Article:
Friday, March 24, 2017


While I love all things sparkly and colorful, there is a mysterious magic in the invisible that somehow makes me feel powerful. Not in any superhero sort of way, though that might be kind of fun to have the power to disappear on demand. In fact, come to think of it, it could be a form of grace to find that, at certain awkward moments in my social life, I could just instantly vanish without having to make any apologies or excuses.
The kind of invisible I am thinking of involves inanimate objects.
When I was eight or nine years old we had the great joy of being given free reign of the basement while mom was cooking dinner or preparing a church lesson. There was an accommodating set of banisters on the basement stairs, which became horses when needed. The stairs became covered wagons. And we had a chalkboard down there at one point, and our Barbie houses. And, kudos to Mom for this, she would let us keep large boxes, like appliance size, which were thoughtfully re purposed into massive word processor computers or seaworthy boats, depending on our mood and supplies. Also in our basement was a dry bar, which I suspect my non-churchy father would have liked to have stocked, but which our found-her-long-lost-faith mother filled with other stuff, like canning supplies and office supplies and sewing stuff. Once, when I was coloring on the Formica bar top, I noticed a few drops of Elmer’s glue, which had dried. I scraped them off with my fingernail and noticed they were hard; nice little dots of clear plastic. Wow! I decided to try an experiment. I sketched a little picture with colored pencil and laid it in the center of a canning lid. Then I poured Elmer’s Glue on top of it till it reached the little lip on the edge of the lid. Each day, for I don’t remember how many days, I checked on the progress, until the glue had dried and the picture at the bottom showed through the invisible “plastic”. I peeled it out of the lid and voila! I attached a safety pin to the back and had myself a pin. Not that I’d wear it anywhere, but I had one nonetheless. Next I took some embroidery floss and formed it into a geometric swirl, covered with glue. The mystery was in that the glue was white when wet, but it dried clear. I think somewhere down in my basement is that groovy swirly button I made. A little paint or food coloring mixed with the glue made lovely swirls for pendants and other bobbles. Poor Mom. She probably wondered what happened to her supply of glue.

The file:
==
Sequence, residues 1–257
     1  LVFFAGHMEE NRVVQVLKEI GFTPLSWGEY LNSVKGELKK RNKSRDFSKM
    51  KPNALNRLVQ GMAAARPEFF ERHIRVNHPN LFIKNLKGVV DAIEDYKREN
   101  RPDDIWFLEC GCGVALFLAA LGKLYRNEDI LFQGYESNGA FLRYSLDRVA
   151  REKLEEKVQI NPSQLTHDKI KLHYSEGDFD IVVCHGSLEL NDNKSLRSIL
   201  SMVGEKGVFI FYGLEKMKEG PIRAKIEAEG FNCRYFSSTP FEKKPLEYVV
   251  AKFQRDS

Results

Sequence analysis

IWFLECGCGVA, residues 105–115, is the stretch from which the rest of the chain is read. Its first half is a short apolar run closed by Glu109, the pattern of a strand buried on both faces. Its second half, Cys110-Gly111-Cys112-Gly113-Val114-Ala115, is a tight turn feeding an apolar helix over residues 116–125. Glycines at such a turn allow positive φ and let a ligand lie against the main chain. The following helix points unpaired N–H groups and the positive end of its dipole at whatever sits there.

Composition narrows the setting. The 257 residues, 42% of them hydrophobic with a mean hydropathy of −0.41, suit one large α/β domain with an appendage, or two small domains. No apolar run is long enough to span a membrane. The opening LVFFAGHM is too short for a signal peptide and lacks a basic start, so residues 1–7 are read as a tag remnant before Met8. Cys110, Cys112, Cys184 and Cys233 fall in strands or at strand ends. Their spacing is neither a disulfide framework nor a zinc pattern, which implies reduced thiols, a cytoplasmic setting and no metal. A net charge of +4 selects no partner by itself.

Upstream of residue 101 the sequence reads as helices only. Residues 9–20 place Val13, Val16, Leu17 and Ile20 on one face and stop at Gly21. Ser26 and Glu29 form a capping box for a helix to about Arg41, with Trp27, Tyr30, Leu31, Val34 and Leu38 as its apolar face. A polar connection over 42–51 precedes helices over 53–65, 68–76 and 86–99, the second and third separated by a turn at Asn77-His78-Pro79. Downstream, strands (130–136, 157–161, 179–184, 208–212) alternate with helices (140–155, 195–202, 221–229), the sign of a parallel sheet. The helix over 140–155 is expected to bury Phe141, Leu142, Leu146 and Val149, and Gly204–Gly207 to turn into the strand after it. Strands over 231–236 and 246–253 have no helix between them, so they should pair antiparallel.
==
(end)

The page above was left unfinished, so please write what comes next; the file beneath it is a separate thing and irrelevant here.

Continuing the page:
I also have a thing for invisible fishing line. Not only for the magic of faking out fish to think that the worms I threaded on a hook at the end of the line were indigenous to the fishing hole, but for its versatility around the house. Years ago I created a Halloween decoration for our front porch, which included a Styrofoam wig head, a witches hat, a plastic mask, a black negligee’ bought at a garage sale (nope, Dave never saw it on me) and a nice long strand of ten pound invisible fishing line. I screwed a few eye hooks into the frame of our front door and front porch ceiling. I assembled the witch and threaded the invisible line through the Styrofoam head, then up through the witches hat. I then threaded the line through the eye hooks and attached the other end of the line to the top of our front door.
When Trick or Treaters rang the doorbell, the witch rose from a heap on the ground and swung forward on the invisible thread, scaring little costumed neighbors nearly out of their wits. It was a grand hit! My engineer-uncle Richard thought it so clever he suggested we should market it.
Later, when I was in charge of bulletin boards at Knowlton Elementary, I used the same theory to create animated bulletin boards in the school lobby. I used unfolded paper clips, embedded in the composition board ceilings to thread fishing line attached to the school doors. In the winter months I had little bent-kneed skiers connected to the line. They went up and down cotton-topped mountains constructed in 3D. The fun thing about using invisible wire in a school is there were multiple doors and could therefore be multiple lines going to multiple skiers. Kids could stand at the bulletin boards and watch the flow and motion as other kids opened doors. In the spring I created colorful pots, from which little flowers would rise when the doors were opened. And Kites that would fly up and down in the breeze of doors opening and closing. I tell ya, I had an awful lot more fun and fulfillment in that PTA job than when I was president. Serious fulfillment! I had to make sure I was there when school started, or when it let out. That’s where the joy was found! I would sort of have to make myself invisible, looking from the corner of my eyes at those delighted seven year-olds, trying to figure out how those flowers popped up and down.
Joy, joy joy!
I think I need to volunteer at the elementary school again. I’m getting stale.

1 comment:

  1. You made my childhood so fun! You continue to make my adulthood just as fun and interesting. Thanks.